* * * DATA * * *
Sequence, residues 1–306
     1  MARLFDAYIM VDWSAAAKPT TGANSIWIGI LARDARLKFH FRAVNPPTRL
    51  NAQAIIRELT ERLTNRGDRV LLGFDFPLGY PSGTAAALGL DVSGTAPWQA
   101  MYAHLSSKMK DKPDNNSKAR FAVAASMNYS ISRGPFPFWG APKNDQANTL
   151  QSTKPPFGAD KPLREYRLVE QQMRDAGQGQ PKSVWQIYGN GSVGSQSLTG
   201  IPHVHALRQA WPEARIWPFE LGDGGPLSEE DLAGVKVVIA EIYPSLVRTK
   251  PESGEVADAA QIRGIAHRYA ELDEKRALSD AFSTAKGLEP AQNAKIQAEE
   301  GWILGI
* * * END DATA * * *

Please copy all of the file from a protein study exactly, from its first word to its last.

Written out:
Sequence, residues 1–306
     1  MARLFDAYIM VDWSAAAKPT TGANSIWIGI LARDARLKFH FRAVNPPTRL
    51  NAQAIIRELT ERLTNRGDRV LLGFDFPLGY PSGTAAALGL DVSGTAPWQA
   101  MYAHLSSKMK DKPDNNSKAR FAVAASMNYS ISRGPFPFWG APKNDQANTL
   151  QSTKPPFGAD KPLREYRLVE QQMRDAGQGQ PKSVWQIYGN GSVGSQSLTG
   201  IPHVHALRQA WPEARIWPFE LGDGGPLSEE DLAGVKVVIA EIYPSLVRTK
   251  PESGEVADAA QIRGIAHRYA ELDEKRALSD AFSTAKGLEP AQNAKIQAEE
   301  GWILGI